Down 15-5 after seven, the Cubs sent shortstop Andrelton Simmons to the mound in the eighth. He lobbed high looping pitches at 40 miles an hour and the Reds scored five runs.
It was the most runs scored by a Reds team since they scored 21 against the Philadelphia Phillies on September 4, 1999 … but those five runs in the eighth Thursday shouldn’t count.
Kyle Farmer and Nick Senzel led the Reds’ 20-hit afternoon with four hits each. Farmer had two home runs and drove in five runs. Senzel, 1 for 12 since coming off the injured list, had four singles and two walks.
The beneficiary of the run explosion was Reds starter Hunter Greene, who needed strong support because he was not at his best.
In five innings, Greene gave up five runs and seven hits that included three Cubs home runs.
It was appropriate because in most of his starts this season the Cincinnati bats have not been helpful.
It started on the downbeat for Greene when he gave up two runs in the first inning, something the Cubs do often.
Chicago has scored 37 runs in the first inning this season, second best in the majors. And the Cubs scored in the first inning in three of the four games during this series.
And it got worse in the second inning when Nico Hoerner led by depositing a 3-and-0 pitch into the left field seats for a 3-0 Cubs lead.
The Reds scrambled back for two in the bottom of the second against Cubs left-hander Justin Steele. Tyler Stephenson opened with a single and Kyle Farmer launched a two-run homer over the left field wall.
So it was 3-2, Cubs, when the Reds came to bat and went bat bonkers. And the game was decided before Chicago’s late-game comedy act.
The eight-run third:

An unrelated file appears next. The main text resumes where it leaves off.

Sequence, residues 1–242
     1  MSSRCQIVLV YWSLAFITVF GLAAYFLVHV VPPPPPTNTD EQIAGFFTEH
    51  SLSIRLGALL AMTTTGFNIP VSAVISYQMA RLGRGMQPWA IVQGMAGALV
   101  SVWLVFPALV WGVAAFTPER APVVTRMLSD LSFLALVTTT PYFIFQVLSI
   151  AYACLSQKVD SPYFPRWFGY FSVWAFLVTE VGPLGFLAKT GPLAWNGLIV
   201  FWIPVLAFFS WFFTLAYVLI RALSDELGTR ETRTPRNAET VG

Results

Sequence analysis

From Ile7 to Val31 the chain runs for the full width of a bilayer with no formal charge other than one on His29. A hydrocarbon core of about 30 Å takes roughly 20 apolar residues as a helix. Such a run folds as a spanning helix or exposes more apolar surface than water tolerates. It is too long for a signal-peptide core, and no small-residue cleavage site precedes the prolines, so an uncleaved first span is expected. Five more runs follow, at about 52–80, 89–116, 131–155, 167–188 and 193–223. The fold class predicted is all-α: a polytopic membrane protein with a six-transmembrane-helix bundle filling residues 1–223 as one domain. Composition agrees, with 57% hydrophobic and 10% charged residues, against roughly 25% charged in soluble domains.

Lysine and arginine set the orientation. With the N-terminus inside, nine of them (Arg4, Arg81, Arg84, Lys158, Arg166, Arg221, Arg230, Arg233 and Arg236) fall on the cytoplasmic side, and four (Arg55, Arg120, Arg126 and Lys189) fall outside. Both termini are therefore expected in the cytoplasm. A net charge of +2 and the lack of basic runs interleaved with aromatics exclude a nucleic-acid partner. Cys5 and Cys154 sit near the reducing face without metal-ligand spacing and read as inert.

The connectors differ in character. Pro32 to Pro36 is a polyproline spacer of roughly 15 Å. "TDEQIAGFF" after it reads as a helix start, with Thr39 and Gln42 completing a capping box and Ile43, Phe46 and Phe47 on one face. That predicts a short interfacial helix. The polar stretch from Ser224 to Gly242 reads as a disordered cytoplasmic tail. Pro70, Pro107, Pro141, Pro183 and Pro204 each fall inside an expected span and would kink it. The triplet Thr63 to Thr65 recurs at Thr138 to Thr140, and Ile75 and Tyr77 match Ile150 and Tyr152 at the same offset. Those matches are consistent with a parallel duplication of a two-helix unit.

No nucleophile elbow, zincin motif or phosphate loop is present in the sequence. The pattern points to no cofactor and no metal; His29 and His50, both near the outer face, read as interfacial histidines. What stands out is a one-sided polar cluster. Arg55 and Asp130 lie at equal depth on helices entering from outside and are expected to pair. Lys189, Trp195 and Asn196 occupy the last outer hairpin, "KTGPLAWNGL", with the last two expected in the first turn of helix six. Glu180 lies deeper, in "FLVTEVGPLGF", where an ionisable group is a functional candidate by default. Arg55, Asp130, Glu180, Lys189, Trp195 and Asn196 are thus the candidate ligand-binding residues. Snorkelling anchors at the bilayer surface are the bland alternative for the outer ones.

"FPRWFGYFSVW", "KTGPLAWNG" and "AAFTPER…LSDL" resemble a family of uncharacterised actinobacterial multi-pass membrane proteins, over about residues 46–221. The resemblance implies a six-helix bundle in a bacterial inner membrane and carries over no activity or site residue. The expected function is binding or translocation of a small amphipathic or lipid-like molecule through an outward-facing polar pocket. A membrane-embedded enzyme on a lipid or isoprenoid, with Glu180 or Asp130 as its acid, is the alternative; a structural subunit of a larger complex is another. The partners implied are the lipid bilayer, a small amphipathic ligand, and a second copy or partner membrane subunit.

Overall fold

—Nick Senzel walked.
—On a 3-and-2 count, Senzel was running and Bradon Drury singled to right, sending Senzel to third.
—Tommy Pham doubled to left, scoring Senzel to tie it, 3-3.
—Joey Votto walked to load the bases.
—Tyler Stephenson singled to left for two runs and a 5-3 lead.
(Scott Effross replaced Justin Steele.)
—Kyle Farmer bunted, moving the runners to third and second.
—Pinch-hitter Tyler Naquin was walked intentionally, filling the bases.
—Albert Almora Jr., former No. 1 Cubs draft pick, applied more pain to his old team with a two-run single and it was 7-3.
—Matt Reynolds lined one to left on which Ian Happ tried for a diving catch. The ball whizzed past him to the wall for a two-run triple to push it to 9-3.
—Nick Senzel, up for the second time in the inning, singled to right for a run and a 10-3 lead.
It was eight runs, six hits, three walks and a rare sacrifice bunt.
Perhaps with the 10-3 lead, Greene relaxed too much … or the long sit in the dugout watching his teammates, had an effect on Greene.
He gave up back-to-back home runs to Willson Contreras and Ian Happ to open the fifth, cutting Cincinnati’s margin to 10-5.
The Reds reclaimed one of the runs when Farmer led the fifth with his second home run of the the game and it was 11-5.
Rain was falling off and on during the first five innings and before the Cubs came to bat in the sixth a heavy downpour forced a stoppage and the tarpaulin was pulled over the infield.
After a one-hour rain delay, the Reds scored two in the sixth, two more in the seventh and the five gifted runs in the eighth.
And there were more hit-by-pitch shenanigans following Wednesday’s poorly-aimed pitches at Joey Votto and Chicago’s Patrick Wisdom.
In the seventh inning, Reds relief pitcher Joel Kuhnel hit Willson Contreras. It resulted in protesting Cubs manager David Ross earning an ejection for the second straight game.
In the Reds seventh, Votto faced Rowan Wick, the pitcher who nearly hit Votto in the head Wednesday. Votto then walked on four pitches and he and Wick exchanged words.
On Thursday, Wick struck Votto out on three pitches, never coming close to Votto. But Votto again had words for Vick and the Cubs, but nothing further developed.